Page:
Acting's not child's play:School may be out, but for pint-sized actors,summer's no time to slack off

The Toronto Star – Arts Story: Acting’s not child’s play – July 8, 2000



Acting’s not child’s play



School may be out, but for pint-sized actors, summer’s no time to slack off


By Jim Bawden
Toronto Star Television Columnist

A junior high corridor is jammed with chattering kids, loitering during the final day of this year’s school term.

Then the doors at the far end open with a crash and several boys furiously
skateboard their way down the hall and out of sight.

What’s so unusual about all this? Well, it could be the presence of a particularly fetching 14-year-old female alien complete with blue makeup and matching blue bouffant hairdo. Or it could be the normal-looking boy who is wearing a sparkly spacesuit.

And then there’s the stern voice barking, “Cut.”

A look around reveals that the hall is filled with a television crew. The kids are really eager young actors.

“We’ll have to try harder,” director Carl Goldstein says wearily. He’s guiding an episode of the hit TV series I Was A Sixth Grade Alien (on YTV in Canada). The title of the Alliance Atlantis series says it all: A little blue-haired alien Pleskit (Ryan Cooley) comes to planet Earth with his diplomatic father and it’s decided he should attend a “normal” school.

With real school out for the summer, I Was A Sixth Grade Alien is just one of many TV productions revving up across Toronto – shows that use a lot of young actors can shoot all summer long and avoid the mandatory two hours of schooling.

On the set of I Was A Sixth Grade Alien, over lunch, Goldstein says the first season of the show was a bit easier – the principal actors were 11 and still basically youngsters. Now that most have hit 12 or even 14, they’re beginning to become self-conscious.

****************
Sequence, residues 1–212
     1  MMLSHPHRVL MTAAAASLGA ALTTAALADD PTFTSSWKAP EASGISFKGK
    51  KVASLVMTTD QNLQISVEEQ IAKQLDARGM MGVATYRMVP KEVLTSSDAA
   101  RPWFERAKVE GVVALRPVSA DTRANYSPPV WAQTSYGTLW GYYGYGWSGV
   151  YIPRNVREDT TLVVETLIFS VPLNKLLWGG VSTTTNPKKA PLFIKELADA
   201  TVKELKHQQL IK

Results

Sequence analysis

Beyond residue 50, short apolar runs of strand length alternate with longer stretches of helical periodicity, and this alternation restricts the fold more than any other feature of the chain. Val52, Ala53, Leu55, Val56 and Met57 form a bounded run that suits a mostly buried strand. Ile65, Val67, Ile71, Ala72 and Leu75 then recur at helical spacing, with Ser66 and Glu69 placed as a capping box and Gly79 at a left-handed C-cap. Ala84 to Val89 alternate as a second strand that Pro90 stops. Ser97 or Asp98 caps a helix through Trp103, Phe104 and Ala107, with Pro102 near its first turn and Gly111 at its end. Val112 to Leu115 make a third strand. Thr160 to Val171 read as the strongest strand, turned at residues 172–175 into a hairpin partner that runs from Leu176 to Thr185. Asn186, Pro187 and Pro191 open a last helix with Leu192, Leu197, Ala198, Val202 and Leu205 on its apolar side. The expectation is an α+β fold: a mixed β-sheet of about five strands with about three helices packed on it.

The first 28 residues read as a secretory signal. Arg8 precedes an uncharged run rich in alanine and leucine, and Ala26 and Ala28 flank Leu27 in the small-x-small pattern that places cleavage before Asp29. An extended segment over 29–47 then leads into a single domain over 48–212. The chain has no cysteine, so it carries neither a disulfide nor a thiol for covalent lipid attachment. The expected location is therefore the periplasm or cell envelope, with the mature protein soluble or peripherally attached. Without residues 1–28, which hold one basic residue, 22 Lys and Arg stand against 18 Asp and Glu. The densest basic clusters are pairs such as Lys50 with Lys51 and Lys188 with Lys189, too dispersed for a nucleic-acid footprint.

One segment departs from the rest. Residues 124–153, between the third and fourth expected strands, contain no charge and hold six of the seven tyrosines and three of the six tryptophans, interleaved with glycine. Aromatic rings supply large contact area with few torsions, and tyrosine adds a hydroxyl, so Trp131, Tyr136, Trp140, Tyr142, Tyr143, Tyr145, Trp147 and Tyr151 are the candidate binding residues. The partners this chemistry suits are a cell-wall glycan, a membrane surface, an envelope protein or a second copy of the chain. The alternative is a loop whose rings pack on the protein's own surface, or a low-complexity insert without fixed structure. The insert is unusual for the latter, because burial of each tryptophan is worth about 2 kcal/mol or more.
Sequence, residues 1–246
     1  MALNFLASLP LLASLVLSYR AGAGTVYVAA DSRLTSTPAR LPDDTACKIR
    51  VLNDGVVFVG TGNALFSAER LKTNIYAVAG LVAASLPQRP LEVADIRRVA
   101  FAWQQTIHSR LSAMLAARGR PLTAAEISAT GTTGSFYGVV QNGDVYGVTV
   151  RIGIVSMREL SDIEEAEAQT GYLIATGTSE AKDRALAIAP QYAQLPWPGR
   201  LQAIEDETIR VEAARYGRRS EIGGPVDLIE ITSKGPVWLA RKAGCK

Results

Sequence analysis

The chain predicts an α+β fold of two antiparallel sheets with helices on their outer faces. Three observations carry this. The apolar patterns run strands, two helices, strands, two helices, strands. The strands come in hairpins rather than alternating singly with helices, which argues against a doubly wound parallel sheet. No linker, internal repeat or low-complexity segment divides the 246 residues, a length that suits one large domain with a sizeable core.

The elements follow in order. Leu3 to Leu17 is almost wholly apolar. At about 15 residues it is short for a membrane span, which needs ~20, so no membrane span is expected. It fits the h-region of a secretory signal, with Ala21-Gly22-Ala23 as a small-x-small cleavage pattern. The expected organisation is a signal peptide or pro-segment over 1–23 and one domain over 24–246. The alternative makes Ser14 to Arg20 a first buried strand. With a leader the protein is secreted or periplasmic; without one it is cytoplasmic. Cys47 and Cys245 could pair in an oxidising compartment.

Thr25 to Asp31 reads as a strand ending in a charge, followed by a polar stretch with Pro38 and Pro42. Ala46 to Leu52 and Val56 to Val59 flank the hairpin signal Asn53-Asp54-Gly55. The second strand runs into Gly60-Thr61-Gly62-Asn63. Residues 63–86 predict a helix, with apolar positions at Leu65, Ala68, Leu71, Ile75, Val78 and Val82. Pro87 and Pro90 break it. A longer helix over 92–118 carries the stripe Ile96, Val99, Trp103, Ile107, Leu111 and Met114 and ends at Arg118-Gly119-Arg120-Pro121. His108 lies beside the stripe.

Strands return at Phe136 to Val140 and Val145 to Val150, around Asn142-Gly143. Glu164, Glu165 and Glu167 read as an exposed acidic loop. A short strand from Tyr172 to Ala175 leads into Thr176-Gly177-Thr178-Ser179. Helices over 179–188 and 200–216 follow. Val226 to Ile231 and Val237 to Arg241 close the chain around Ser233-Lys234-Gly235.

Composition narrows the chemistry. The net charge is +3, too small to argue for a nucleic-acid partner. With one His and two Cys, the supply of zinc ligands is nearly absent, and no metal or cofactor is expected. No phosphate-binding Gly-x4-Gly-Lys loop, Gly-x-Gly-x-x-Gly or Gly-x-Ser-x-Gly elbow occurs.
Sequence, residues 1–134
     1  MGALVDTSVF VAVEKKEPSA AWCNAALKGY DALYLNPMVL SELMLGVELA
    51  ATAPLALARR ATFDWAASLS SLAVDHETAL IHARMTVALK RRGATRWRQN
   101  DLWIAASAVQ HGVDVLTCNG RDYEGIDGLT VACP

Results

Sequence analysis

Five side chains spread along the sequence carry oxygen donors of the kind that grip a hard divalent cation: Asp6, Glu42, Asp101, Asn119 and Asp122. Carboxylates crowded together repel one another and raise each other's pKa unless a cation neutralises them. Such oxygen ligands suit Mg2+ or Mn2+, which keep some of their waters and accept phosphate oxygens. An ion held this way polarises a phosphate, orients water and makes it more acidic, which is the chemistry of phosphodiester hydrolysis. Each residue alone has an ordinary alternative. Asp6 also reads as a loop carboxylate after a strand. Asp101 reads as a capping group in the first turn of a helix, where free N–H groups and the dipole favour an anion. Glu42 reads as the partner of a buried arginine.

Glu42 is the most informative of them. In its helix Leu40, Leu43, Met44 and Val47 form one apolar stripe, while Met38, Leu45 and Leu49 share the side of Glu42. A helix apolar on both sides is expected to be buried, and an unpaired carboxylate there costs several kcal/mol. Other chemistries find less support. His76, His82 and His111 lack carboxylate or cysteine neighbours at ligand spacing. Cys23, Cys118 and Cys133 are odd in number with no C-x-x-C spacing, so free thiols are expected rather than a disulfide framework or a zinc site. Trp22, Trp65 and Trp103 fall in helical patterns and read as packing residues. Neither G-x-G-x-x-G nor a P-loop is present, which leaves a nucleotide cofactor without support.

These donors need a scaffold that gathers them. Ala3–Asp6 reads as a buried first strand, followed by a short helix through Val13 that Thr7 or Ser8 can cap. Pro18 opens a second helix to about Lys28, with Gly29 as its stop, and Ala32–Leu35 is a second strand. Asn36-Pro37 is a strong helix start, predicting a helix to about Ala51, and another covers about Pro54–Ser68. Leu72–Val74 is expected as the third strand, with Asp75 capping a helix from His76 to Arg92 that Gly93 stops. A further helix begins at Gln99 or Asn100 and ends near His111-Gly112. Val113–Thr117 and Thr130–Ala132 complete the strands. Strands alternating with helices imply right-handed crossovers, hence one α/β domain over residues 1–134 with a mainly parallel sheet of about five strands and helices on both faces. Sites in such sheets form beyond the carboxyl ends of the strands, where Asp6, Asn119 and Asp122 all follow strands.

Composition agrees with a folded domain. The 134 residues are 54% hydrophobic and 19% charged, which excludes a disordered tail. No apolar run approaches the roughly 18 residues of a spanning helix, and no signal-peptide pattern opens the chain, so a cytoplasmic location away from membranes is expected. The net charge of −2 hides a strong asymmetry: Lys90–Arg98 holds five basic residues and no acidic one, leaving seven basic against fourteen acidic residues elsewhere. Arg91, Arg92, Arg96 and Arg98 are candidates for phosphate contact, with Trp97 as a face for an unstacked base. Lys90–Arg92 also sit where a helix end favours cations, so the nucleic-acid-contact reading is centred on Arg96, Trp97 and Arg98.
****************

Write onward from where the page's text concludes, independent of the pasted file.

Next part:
“Acting is lifting up that barrier,” he says, smiling ruefully. As the kids mature, they put up barriers to acting naturally.

On this particular day, he has to get the skateboarders to tackle their scene with more energy and to get the actors perked up so they’ll appear fresher, more enthusiastic.

The scene will get done, but there is a time crunch – the company is already behind in the day’s schedule. It’s just that whenever a TV series or movie calls for actors under 18, it’s a whole new ball game in terms of time and money. There are union regulations about the number of hours a youngster can work and how many breaks he must get in a day.

On I Was A Sixth Grade Alien, the two big stars are Ryan Cooley, 12, and Daniel Clark, 14, and there are half a dozen supporting players around the same age. Leah Cudmore, 14, has just been added as a semi-regular – as the blue-haired female alien named Blur.

Ryan and Daniel are unusual compared to most child actors because they’re in almost every scene. They’re the big stars of this series, even if they are only kids. During this period of intense emotional and physical growth, they’re being asked to handle adult responsibilities.

“The kids are fantastic, quite brilliant,” enthuses Sixth Grade Alien co-creator and executive producer Daphne Ballon.


There is a huge pool of young competitors out there. The Alliance Of Canadian Cinema, Television And Radio Arts
(ACTRA) says there are more than 1,100 actors under age 18 registered in the Toronto region alone – that’s one in eight ACTRA members. For a child to get an ACTRA membership she has to win an audition for a speaking part or have a part in a commercial.